Fitness tracking specialist Fitbit unveiled its first smartwatch last week ahead of the Consumer Electronics Show. The unassuming device, which Fitbit described as a smart fitness watch, hasn't exactly received the reaction executives were no doubt hoping for.

Since announcing the Fitbit Blaze on January 5, the company's share value has nearly been cut in half. Shares are currently trading south of their initial public offering price of $20 for the first time ever, leading many to wonder what went wrong.

On the surface, there's not much to dislike about the Fitbit Blaze. Its outward appearance is arguably no better or worse than the competition and its five days of promised battery life is rather impressive. Even still, analysts are divided on the subject.

S&P Capital IQ analyst Angelo Zino believes Fitbit should focus on products that cost less than $100 and focus heavily on wellness. An analyst from Leerink Research concurs, viewing the Blaze as a strategic misstep and a style miss with poor sales prospects. Another analyst from the same firm disagrees, seeing the Blaze as an improved fitness band that health-conscious consumers will like.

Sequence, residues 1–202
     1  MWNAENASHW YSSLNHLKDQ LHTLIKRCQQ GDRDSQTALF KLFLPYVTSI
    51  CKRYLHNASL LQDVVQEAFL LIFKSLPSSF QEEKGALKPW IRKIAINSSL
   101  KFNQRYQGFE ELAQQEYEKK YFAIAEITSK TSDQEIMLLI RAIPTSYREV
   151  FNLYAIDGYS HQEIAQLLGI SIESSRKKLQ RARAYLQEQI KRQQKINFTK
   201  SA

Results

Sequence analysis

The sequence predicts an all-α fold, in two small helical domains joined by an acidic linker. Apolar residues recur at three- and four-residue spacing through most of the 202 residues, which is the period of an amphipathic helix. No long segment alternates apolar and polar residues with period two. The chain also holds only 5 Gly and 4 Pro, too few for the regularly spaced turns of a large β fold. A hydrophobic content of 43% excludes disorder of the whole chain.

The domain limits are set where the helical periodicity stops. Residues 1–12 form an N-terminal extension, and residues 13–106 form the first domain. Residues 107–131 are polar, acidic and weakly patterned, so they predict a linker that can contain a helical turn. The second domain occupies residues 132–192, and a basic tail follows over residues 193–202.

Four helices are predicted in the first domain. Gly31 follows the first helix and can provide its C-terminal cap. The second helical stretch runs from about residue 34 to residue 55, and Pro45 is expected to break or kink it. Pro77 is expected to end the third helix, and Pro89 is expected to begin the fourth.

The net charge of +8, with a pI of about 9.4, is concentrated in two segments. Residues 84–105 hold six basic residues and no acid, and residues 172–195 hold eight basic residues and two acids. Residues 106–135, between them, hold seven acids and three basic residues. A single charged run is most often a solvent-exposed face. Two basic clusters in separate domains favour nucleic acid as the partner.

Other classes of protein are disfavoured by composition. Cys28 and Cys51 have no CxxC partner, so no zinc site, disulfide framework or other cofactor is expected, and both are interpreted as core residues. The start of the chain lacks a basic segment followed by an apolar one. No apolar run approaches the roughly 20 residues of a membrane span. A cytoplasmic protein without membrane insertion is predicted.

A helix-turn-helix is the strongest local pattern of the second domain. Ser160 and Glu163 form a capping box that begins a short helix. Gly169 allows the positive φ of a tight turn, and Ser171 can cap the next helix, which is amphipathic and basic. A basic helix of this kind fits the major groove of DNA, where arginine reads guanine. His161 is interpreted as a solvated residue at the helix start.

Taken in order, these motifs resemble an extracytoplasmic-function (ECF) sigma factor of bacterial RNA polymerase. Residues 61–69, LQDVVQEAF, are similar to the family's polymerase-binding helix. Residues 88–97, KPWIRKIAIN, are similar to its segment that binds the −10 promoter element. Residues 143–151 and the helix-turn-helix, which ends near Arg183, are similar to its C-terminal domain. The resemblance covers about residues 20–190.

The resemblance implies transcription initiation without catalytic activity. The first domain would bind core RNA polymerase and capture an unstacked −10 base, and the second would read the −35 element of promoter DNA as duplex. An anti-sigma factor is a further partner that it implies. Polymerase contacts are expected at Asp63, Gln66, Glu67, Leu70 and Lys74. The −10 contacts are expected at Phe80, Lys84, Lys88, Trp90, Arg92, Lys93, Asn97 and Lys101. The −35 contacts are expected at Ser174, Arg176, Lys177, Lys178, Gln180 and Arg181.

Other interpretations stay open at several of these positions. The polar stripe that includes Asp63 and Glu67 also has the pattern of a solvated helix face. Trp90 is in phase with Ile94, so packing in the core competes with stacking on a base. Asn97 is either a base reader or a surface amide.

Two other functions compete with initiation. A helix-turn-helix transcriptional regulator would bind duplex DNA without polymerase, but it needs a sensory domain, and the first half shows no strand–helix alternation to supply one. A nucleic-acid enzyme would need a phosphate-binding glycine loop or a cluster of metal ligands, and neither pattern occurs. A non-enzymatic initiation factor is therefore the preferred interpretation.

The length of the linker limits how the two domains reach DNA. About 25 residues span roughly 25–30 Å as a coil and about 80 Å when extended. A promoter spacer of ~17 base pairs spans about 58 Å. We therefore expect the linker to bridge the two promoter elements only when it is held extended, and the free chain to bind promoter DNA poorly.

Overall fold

R.W. Baird noted last week that investors may also be concerned about the lack of updates to existing Fitbit products like the Charge and Charge HR.

Legal issues aren't helping matters, either. Fitbit last week fielded a class-action lawsuit from numerous customers complaining of the inaccuracies of select Fitbit wearables. Specifically, the suit alleges the heart rate monitor within its PurePulse trackers are off by a "very significant" margin.

Fitbit spokesperson Heather Pierce told Bloomberg via e-mail they do not believe the case has merit. Fitbit stands behind its heart rate technology, Pierce said, adding that they plan to vigorously defend the lawsuit.